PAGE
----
WAIMEA — The state plans to once again take on the rats that have colonized Lehua Island. Details will be presented Tuesday at the Waimea Neighborhood Center.
“It’s essential that we eradicate rats over there,” said Don Heacock, district aquatic biologist with the Department of Land and Natural Resources and a farmer on Kauai. “You’ll see the nesting colonies of seabirds increasing by an order of magnitude if you can get the rats.”
The island is a small, horseshoe-shaped rock about a quarter-mile north of the island of Niihau, 17 miles across the channel from Kauai.
The project entails seeding the island with rodenticide — by helicopter and with supplemental hand applications — that will kill the rats. It’s not the first attempt at the Lehua Island Restoration project.
In 2009, the state’s Department of Land and Natural Resources Division of Forestry and Wildlife partnered with the United States Department of Agriculture and did two bait drops of rodenticide over the island.
Representatives from DLNR and Island Conservation said it is critical to understand the majority of the bait pellets are cereal grains and other inert ingredients designed to be palatable to rats.
The bait contained the rodenticide at a concentration of 50 parts per million, officials say, so there were only a few ounces of the toxicant delivered to the island in the bait.
Days after the 2009 rodenticide application, thousands of fish washed up on Niihau. Within the following months, three humpback whale calves were found dead as well as a mass of squid and lanternfish.
Officials say the triggerfish samples collected from Niihau beaches for testing in 2009 showed no Diphacinone residues, which is the ingredient in the rodenticide. The tests did show presence of a blue-green algae in their stomachs. The algae produces a toxicant that kills triggerfish.
Data didn’t reveal a direct correlation between the deaths and rodenticide applications, according to previous reports, but Keith Robinson, a family owner of Niihau, voiced his doubts to TGI in 2009.
“There has never been a fish kill off like this,” he told TGI.
Robinson doubted it was a coincidence that the fish washed ashore days after the rat poison was dropped.
In April 2009, the National Oceanic and Atmospheric Administration’s National Marine Fisheries Service determined that rodenticide did not play a part in the deaths of the three young whales that washed ashore onto Niihau, Kauai and Lanai islands between January and March 2009.
State officials told TGI recently that given the age of the whale calf found on Kauai, it would have been nursing, and its mother would not have been eating since this whale species does not feed in winter months in Hawaiian waters. The available evidence suggests that despite the coincidental timing of both events, the operations on Lehua could not have caused the death of either the fish or the whale calf, officials say.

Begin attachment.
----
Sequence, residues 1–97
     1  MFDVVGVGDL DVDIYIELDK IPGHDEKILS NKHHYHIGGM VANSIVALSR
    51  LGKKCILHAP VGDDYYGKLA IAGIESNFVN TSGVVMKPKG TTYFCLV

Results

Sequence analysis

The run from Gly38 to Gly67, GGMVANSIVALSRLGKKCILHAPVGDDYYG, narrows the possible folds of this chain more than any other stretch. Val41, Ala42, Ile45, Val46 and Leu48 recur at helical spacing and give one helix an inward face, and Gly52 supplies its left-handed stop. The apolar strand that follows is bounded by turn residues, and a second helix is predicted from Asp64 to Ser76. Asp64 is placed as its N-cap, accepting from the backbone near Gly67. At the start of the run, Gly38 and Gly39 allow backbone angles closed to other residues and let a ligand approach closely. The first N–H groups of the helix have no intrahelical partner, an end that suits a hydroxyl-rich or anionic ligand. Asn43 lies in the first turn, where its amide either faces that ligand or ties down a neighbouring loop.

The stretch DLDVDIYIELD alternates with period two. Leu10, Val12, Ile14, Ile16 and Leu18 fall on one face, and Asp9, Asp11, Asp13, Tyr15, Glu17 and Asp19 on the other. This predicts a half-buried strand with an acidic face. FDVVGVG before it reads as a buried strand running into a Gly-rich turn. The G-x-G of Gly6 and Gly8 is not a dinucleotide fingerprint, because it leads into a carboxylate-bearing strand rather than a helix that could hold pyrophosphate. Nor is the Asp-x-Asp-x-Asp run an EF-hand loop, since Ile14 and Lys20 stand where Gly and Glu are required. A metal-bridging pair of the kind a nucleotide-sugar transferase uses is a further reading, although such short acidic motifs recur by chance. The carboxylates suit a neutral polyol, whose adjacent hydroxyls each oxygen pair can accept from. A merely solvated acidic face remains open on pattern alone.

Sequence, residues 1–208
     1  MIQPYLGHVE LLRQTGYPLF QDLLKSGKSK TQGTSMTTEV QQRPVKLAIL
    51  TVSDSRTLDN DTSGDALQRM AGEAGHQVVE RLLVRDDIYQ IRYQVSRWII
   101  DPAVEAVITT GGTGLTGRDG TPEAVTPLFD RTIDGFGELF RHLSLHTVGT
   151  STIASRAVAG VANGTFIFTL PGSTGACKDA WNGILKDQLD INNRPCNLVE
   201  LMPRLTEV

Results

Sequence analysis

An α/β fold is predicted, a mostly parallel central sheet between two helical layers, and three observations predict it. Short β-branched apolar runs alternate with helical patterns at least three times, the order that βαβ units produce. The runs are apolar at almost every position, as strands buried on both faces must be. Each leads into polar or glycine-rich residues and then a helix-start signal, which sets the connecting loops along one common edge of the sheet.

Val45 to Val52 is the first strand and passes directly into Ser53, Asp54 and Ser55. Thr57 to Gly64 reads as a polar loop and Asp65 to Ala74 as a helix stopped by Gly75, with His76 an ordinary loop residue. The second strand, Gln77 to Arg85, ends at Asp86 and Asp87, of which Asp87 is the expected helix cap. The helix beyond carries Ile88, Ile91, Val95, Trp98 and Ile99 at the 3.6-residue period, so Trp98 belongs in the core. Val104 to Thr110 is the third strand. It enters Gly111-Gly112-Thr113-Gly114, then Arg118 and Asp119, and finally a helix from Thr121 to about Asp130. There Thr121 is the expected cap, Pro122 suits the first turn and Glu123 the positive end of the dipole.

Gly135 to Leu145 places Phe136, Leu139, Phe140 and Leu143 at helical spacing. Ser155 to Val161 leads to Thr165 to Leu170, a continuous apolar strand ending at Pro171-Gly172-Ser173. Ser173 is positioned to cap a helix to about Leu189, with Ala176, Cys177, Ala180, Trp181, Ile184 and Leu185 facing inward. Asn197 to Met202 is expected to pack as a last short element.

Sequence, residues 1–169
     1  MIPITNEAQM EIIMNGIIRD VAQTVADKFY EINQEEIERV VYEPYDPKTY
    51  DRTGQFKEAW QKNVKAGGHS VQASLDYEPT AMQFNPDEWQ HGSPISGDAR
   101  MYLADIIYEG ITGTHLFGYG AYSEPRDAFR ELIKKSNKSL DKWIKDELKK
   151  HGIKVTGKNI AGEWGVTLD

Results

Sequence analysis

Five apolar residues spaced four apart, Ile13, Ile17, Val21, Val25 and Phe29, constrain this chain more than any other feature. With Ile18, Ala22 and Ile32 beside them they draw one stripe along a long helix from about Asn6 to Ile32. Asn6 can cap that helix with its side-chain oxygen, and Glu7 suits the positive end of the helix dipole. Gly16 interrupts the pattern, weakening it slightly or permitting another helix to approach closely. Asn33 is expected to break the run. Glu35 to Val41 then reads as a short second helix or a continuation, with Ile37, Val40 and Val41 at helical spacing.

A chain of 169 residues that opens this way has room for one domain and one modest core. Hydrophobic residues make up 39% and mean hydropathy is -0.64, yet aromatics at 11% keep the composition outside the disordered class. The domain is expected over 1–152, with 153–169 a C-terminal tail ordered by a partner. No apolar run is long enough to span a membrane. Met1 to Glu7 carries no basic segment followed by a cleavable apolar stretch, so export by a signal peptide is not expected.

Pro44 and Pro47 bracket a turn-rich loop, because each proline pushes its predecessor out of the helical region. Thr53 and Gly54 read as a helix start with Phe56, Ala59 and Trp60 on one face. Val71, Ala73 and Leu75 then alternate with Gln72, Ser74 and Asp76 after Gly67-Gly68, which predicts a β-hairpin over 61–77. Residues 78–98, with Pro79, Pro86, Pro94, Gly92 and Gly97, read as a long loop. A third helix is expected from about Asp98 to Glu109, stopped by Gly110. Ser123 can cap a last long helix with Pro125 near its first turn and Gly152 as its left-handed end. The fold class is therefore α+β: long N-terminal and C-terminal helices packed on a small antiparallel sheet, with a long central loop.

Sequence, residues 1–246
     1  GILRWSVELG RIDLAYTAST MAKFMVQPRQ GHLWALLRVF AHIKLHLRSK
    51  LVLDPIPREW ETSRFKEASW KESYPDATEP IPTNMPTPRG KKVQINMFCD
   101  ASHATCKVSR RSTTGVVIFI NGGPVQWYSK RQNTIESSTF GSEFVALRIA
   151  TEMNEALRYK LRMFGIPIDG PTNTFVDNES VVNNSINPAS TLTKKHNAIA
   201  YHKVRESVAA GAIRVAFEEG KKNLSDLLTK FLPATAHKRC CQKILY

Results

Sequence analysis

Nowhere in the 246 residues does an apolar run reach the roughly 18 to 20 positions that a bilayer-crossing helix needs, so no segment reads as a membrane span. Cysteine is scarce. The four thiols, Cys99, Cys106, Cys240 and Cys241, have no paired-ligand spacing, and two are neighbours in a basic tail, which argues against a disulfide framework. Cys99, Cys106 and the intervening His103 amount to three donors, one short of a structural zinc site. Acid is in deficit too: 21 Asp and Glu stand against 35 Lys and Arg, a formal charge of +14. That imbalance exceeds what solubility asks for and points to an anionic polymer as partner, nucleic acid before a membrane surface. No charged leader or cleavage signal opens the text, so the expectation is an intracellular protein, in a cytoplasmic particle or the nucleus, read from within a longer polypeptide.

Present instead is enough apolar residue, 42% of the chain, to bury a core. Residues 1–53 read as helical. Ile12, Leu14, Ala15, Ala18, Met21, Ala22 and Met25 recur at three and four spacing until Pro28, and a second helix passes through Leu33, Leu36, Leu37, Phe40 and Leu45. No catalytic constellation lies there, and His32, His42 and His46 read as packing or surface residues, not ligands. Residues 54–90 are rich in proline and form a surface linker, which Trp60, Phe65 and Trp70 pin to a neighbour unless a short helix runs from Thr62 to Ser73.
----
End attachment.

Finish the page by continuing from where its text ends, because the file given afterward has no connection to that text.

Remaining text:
While the rodent population was significantly reduced due to the poisoning, some rats survived, so DOFAW and its partners are taking another stab at it.
“The first attempt was a boondoggle, a total failure,” Heacock said. “They decided they were going to apply the rodenticide from helicopters.”
He explained the helicopter applications didn’t work because the island’s concave shape and inner edges make it difficult for the rodenticide to stick in places where the rats actually live.
“You’ll never get all the places that are rat habitat,” he said. “It has to be done on foot thoroughly and not only using rodenticide, but setting traps too. It has to be a full-court press.”
A stretch of rain prior to the application in 2009, and applying the rodenticide in the winter rather than in the summer, were also issues because the rats were eating newly growing vegetation — not the rodenticide.
DLNR has revamped the plan and will go over the details Tuesday.
At least three bait applications using the rodenticides Diphacinone and Brodifacoum are being proposed, according to a DLNR press release. The window of application will be July through September.
Lehua Island is home to 17 different seabird species, including three that are on the International Union for the Conservation of Nature’s Red List of Threatened Species, including the Newell’s shearwater.
It’s also habitat for the black-footed albatross and the Laysan albatross, and home to 11 plant species found only in Hawaii and 14 native plant species.
State officials say the risk to those non-target species is very low. Seabirds in particular are not a group of concern, officials said, because of their feeding behavior. They prey on live fish and marine invertebrates out at sea and do not forage for food on land.
Actions are planned to minimize the number of bait pellets reaching the ocean. However, a small amount of bait pellets are expected to reach the water, officials say.
The bait is designed to break down quickly in water, and the toxicant is not soluble in water. It will rapidly sink to the bottom of the ocean where it will eventually break down to its base components of water and carbon dioxide within as little as 30 days.
Rats, which are invasive, climb trees and shrubs, eat bird eggs, and prey on hatchlings and adult birds. They are a leading cause of the accelerated decline and extirpation of endemic Hawaiian forest birds and are a major factor limiting present populations of endangered birds.
The rats also eat seeds, bark, fruits, leaves and shoots of Hawaiian plants, hindering native plant communities.
“It’s not just about protecting the seabirds that nest over there, though,” Heacock said. “It’s about protecting Native Hawaiian culture. They use those birds to find fish and in Hawaii, fishing is in the culture.”